Monday, August 26, 2013

Bones, Bones, Bones



What's on Our Shelves?

This week we're moving from dinosaurs and fossils to bones (not such a huge leap). M has been asking a lot of questions about the bones in our bodies, so I thought this would be a fun theme. I'm trying not to get too technical (she's not even 3 yet....), so I split the activities between bones/anatomy/doctor theme and things related to the letter b (I'll update with a link when I get that post done). We also wrapped up a few things from last week's Dinosaur Unit.

Practical Life

How do we stay safe?
We spent some time talking about bones in general - why we have bones, what they are used for, and how to grow strong bones. We got a couple of great books from the library about bones that were on just the right level for M's interest (The Bones You Own by Becky Baines and Bones by Stephen Krensky). We talked about how some bones (like your rib cage or skull) are used for protection. My husband happened to order a toddler-sized hard hat right at the same time that we were discussing this, and it was perfect timing to talk about the importance of wearing helmets.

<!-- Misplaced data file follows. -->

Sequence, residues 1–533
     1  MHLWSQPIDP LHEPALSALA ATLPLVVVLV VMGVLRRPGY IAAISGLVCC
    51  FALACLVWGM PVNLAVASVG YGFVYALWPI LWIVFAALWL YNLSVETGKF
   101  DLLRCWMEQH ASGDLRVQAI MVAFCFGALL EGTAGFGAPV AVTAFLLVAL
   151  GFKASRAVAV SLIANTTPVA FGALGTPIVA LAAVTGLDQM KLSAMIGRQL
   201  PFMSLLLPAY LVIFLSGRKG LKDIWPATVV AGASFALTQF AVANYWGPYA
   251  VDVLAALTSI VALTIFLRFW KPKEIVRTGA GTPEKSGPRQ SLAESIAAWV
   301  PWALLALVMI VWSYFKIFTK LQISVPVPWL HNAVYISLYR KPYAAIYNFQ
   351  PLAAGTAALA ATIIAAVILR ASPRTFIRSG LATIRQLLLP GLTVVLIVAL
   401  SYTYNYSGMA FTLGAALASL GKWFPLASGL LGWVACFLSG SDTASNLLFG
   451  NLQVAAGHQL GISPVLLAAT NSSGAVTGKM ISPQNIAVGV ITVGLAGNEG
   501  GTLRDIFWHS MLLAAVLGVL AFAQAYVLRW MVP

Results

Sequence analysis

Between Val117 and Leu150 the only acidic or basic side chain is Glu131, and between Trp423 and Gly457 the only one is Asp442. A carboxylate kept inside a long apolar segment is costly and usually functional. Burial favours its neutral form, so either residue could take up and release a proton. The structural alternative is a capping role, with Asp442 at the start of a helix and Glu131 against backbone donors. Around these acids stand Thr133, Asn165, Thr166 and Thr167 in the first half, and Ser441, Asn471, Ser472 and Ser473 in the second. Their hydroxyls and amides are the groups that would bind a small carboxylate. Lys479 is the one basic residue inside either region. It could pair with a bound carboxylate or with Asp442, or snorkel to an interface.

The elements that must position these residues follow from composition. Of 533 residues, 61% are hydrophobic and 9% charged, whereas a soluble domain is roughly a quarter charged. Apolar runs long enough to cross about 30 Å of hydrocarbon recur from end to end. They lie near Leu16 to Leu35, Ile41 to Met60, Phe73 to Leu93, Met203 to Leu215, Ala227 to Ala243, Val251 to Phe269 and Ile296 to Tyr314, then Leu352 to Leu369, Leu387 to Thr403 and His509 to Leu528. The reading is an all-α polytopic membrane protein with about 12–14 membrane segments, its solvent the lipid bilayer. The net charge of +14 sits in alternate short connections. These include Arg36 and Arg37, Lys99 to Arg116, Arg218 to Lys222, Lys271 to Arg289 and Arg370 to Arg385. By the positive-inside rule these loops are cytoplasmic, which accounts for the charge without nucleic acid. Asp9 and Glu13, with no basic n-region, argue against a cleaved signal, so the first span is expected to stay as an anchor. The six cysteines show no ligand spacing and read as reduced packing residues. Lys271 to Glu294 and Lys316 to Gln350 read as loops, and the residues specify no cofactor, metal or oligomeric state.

Dinosaur Eggs
This was a carry-over from last week's Dinosaur Unit. The weather was awful, and the humidity kept these fossils and the dinosaur eggs from hardening properly for days.

M used her garden tools (mainly the trowel) to crack open the eggs and find the dinosaur figures inside. We talked about some different ways to crack the eggs open safely (I didn't want her to accidentally smash her hand), and talked about how real paleontologists would need to be extremely careful not to damage the fossils inside of the rocks.

After she had successfully excavated all of the dinosaur remains, she needed to clean the "bones" to send them to the museum. (It helped that we had been reading the book How the Dinosaur Got to the Museum by Jessie Hartland, which explained in great detail all of the steps from discovering a fossil to putting it on display in a museum.) She started by carefully brushing the dirt from the dinosaurs with a wet paintbrush, but decided that it would be more efficient to dunk the dinosaurs in the water cup for a quick bath.

Cutting and Gluing Practice